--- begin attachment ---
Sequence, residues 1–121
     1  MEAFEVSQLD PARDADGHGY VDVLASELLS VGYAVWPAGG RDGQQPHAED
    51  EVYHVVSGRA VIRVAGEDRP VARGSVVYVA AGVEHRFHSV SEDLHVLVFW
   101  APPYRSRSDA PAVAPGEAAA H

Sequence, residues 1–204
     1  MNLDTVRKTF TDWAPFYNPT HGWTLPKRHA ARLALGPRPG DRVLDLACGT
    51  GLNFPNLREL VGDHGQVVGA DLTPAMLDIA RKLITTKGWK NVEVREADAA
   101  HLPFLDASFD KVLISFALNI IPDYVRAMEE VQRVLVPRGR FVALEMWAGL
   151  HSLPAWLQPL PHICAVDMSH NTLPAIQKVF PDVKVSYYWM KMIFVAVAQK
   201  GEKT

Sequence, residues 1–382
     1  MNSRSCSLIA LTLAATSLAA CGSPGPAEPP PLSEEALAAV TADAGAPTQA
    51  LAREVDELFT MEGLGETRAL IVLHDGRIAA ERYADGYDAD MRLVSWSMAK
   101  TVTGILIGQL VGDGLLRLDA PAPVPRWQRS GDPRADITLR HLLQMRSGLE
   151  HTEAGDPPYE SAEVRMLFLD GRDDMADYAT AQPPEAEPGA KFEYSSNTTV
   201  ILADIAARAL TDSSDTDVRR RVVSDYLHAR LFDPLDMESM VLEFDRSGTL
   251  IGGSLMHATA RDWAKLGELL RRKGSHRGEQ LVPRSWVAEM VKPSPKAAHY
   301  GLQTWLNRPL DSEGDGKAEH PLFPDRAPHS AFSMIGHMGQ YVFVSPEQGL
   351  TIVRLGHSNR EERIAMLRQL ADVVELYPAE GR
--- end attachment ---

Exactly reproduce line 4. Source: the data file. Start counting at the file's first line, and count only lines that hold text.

   101  APPYRSRSDA PAVAPGEAAA H